Reuse: Denim Insulation

Ever thought of using denim jeans for building insulation? These folks have.

Typically, insulation is made from fibreglass. Fibreglass is exactly what is sounds like – tiny glass fibres. In an earlier post I discussed (at a high level) manfacture of glass. It’s not fabulous for the environment (although better than plastic in my opinion). I would definitely say blue jeans are better. They’re better for people and the environment. I like that the jeans are either old ones that would otherwise be discarded, or denim off-cuts from denim manufacturers. Considering cotton (which denim is made of) is such a water-intensive crop, however, is the best choice for the environment though?

If it was up to me, I’d go strawbale. The straw is just leftovers from grain crops, cheap, easy to construct and very effective.

An exterior truth window on a strawbale house, showing the straw inside. Photo from Paso Straw Bale Construction Blog.

An exterior truth window on a strawbale house, showing the straw inside. Photo from Paso Straw Bale Construction Blog.

Besides, strawbale* is pretty. I like it.

I wonder if the federal government would provide a rebate on building a strawbale house, under their insualtion scheme? Somehow, I doubt it. Hmm.

*Photo from Paso Straw Bale Construction Blog.



Recycle: CFL Lightbulbs

Earlier today, @LighterFootstep tweeted that in three years of using CFLs (those squiggly lightbulbs that save energy and money), not one had needed replacing. That’s pretty cool, and valid – mine haven’t needed to be replaced either, although I don’t think it’s been a full three years we’ve been using them yet. We just replace our regular bulbs with CFLs as they blow.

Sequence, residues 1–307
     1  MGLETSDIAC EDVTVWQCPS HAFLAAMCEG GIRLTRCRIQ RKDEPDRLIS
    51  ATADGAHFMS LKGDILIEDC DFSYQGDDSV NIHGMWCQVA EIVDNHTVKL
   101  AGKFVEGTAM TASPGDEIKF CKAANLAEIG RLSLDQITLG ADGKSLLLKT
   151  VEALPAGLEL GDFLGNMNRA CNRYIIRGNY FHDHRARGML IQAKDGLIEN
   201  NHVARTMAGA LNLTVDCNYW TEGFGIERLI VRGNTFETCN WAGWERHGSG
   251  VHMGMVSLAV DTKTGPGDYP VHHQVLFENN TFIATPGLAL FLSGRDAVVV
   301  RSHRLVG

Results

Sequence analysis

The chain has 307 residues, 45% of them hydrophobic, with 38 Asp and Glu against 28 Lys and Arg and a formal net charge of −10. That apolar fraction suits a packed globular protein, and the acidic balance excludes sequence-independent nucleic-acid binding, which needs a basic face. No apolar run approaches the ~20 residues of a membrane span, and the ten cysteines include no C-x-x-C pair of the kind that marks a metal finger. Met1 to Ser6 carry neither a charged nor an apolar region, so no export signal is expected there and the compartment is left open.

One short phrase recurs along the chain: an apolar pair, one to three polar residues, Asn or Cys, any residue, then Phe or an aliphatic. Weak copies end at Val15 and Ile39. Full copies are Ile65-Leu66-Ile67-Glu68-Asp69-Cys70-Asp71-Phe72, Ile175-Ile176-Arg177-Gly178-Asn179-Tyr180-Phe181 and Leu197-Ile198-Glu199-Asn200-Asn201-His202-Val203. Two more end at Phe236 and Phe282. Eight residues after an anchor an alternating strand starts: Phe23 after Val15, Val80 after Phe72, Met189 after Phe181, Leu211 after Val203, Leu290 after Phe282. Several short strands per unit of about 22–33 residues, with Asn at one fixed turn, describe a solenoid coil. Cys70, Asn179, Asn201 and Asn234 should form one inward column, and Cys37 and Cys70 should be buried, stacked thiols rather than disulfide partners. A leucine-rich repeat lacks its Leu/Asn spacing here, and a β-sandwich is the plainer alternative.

Talking about replacing them got me thinking about recycling them though, and lo and behold, Lighter Footstep has a challenge going (kind of like a pledge) over at their site. CFLs have mercury, and need to be recycled sustainably so the toxic chemical doesn’t screw over the world. The challenge asks that you pledge to become a CFL Recycling Superhero.

Take the CFL Recycling challenge at Lighter Footstep.

Take the CFL Recycling challenge at Lighter Footstep.

I’m all for that.

Brisbanites, check here to see where you can recycle your CFLs. Everyone else – google, or look in that article I mentioned if you’re American. I know we’ll end up at Ikea – what better excuse for a couple of eco lesbos to take a trip to the dykiest furniture store ever, than recycling lightbulbs?



Spotlight: Digital Dumping Grounds

I knew developing countries were, to a degree, the rubbish dumps for electronic waste (e-waste) shipped in from developed nations, but I didn’t know how bad it was. I watched this episode of Frontline World this morning that really made it hit home for me. Here’s the promo:

You can access the full 20 minute segment about Ghana here. Sorry Deafies, there are no captions (which annoys the shit out of me – c’mon PBS!), but underneath the video there is a transcript of the segment (if it’s not exact, it’s pretty close). You can also see some photos with captions here on Jane Hahn‘s site.

It’s not just Ghana either – Vietnam, Pakistan, Malaysia, China and lots of other third-world nations are being taken advantage of. In fact, the segment discussed how the average computer-owner (and dumper) is also being taken advantage of, by companies who say they’re dumping responsibly, but who ship out unusable computers for reuse. Clearly, since they’re unusuable, they’re only going to become scrap, but labelling them ‘for reuse’ enables their export courtesy of a legal loophole.